Internet of things (IoT) is revolutionizing the aerospace industry and the way it communicates, and there are many applications of IoT in the aerospace industry as new space crafts and their controls are being brought online rapidly. Here is everything you need to know about IoT, its security, and how it can be used in the aerospace industry.
What Is the Internet of Things
IoT consists of internet-connected devices that perform daily functions other than personal computing, and the number of IoT devices has grown to 12.3 billion globally. Chances are, you interact with an IoT device at least once a day, whether it’s your smart home assistant, your smart lights, your smart TV, your smart refrigerator, or your smart phone – IoT devices are all around us.
What IoT devices provide is connectivity and adaptability. IoT devices are built to integrate with one another and coordinate with one another when prompted to, in order to conduct certain functions. With the direct data connectivity of the internet, devices can be synchronized to optimize their performance. Further, with internet connection, devices can receive software and firmware updates automatically.
All this means that IoT devices can network to create an entire IoT system for your home, office, or even in this case, space mission. With data coursing between devices, you can automate processes that previously took painstaking manual synchronization. With IoT the devices have embedded sensors that allow them to connect to their counterparts.
Aerospace IoT Applications
With the amount of data traversing between components, it’s only natural that the aerospace industry would be a prime candidate for IoT device usage. From control boards to sensors, IoT devices have been finding their way into every facet of aerospace design.
Aerospace IoT applications largely replace the radio or microwave transmissions of analog equipment. This is beneficial when it comes to space missions, because sensor gauge data can be automatically transmitted to mission control without needing to be readout. By automating the readout process, your team can cut down on take-off times and inspections. This is incredibly important when it comes to launches, because the conditions for an aerospace launch are incredibly specific and delays can be significant if systems are not ready on time. Additionally, it is crucial to have proper sensor gauge data to guarantee that the aerospace systems are operating to their correct and full capacity. IoT streamlines data transmission, which reduces the margin of error significantly due to its sophistication, making aerospace operations run smoothly.
Security Challenges of IoT Applications
While the use of IoT devices can help streamline inspections and take-off procedures, it is also important to note the risks that come along with going digital. Unlike radio signals, internet connections allow attackers to connect their computer directly to your systems. Although radio systems technically can be hacked, to carry out such a hack requires knowledge from technical manuals that are difficult, if not impossible, to access as well as equipment that may be equally difficult to procure.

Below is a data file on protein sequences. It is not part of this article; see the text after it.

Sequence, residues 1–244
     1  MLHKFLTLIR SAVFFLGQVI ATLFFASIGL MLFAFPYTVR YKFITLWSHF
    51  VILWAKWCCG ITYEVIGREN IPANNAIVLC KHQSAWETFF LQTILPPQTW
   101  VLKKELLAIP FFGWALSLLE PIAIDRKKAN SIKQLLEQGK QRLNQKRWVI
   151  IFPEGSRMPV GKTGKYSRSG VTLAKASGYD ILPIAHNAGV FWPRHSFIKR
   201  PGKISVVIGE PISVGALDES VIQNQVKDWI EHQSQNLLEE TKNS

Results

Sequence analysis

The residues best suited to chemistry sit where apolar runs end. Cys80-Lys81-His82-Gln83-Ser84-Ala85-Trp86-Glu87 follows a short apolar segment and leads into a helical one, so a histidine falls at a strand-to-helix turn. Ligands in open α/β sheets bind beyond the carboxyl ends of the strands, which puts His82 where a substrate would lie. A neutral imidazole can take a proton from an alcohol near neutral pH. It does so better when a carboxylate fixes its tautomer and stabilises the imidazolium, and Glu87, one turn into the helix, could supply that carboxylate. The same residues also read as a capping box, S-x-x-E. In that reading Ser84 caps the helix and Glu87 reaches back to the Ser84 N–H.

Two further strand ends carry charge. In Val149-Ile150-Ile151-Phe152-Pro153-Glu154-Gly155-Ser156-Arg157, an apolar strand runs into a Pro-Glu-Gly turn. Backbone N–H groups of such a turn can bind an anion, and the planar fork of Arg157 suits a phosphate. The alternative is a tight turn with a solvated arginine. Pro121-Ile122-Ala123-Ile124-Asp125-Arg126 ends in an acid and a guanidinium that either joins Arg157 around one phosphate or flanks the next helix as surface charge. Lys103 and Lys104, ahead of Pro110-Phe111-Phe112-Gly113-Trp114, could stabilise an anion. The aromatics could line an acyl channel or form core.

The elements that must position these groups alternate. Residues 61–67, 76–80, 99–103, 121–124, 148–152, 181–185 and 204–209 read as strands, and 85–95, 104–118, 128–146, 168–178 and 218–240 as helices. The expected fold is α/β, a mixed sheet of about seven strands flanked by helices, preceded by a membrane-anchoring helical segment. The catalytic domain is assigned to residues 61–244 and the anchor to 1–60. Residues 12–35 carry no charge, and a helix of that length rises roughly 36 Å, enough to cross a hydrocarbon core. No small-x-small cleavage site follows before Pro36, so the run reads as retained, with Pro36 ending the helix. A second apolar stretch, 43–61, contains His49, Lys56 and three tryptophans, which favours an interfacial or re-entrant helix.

By contrast, computer hacks are far more common and tools for hacking are available for sale to anyone who’s willing to pay. Thus, IoT devices are necessarily a target for hackers because these devices can’t usually be equipped with anti-malware apps, which means they are far more vulnerable than personal computing devices.
However, it is also important to note that the risk of cyber security breaches exists when any form of internet or network based technology is involved, and should not deter the incorporation of it into the aerospace industry. Likewise, there has already been extensive research into how to prevent and recover from attacks on IoT devices. These methods include ensuring that you choose products from reputable brands with good cybersecurity practices, as well as conducting regular security updates to ensure that your systems are not vulnerable.
Otherwise, your other option is to secure the IoT devices within your network and to secure the networks that they’re on. However, this will require at the very least a network firewall and probably an intrusion prevention system as well. This will prevent hackers from getting onto your network, which keeps them from getting to your devices.
Either way, IoT devices do have the inherit risk of cyber-attack, but any internet connected network and system is vulnerable to attack. Using IoT technology in the aerospace industry can pose incredible benefits when it comes to gathering and transmitting crucial data to aerospace operations.
Integrating IoT Devices with Legacy Technology
Not every aerospace enterprise can afford to overhaul and secure their entire system at once. It is more likely that IoT devices will slowly replace legacy components and will need to be integrated into the older “legacy” systems.
This may require some degree of creativity to accomplish, and at EPTAC we provide trainings for specialists and instructors in building and inspecting electronic assemblies, including IoT devices. Our IPC-7711/7721 course on reworked assemblies is perfect for training staff at aerospace enterprises to integrate IoT devices into legacy systems.
For over 30 years, EPTAC has been a leading provider of solder training and IPC certification. We provide professionals with the tools and training they need to advance their careers and improve their businesses. With 19 locations across North America, our solutions and instructional staff provide easy access to knowledge that will enhance your business model and help you meet and exceed industry demands. For more information call 800.643.7822 or contact us.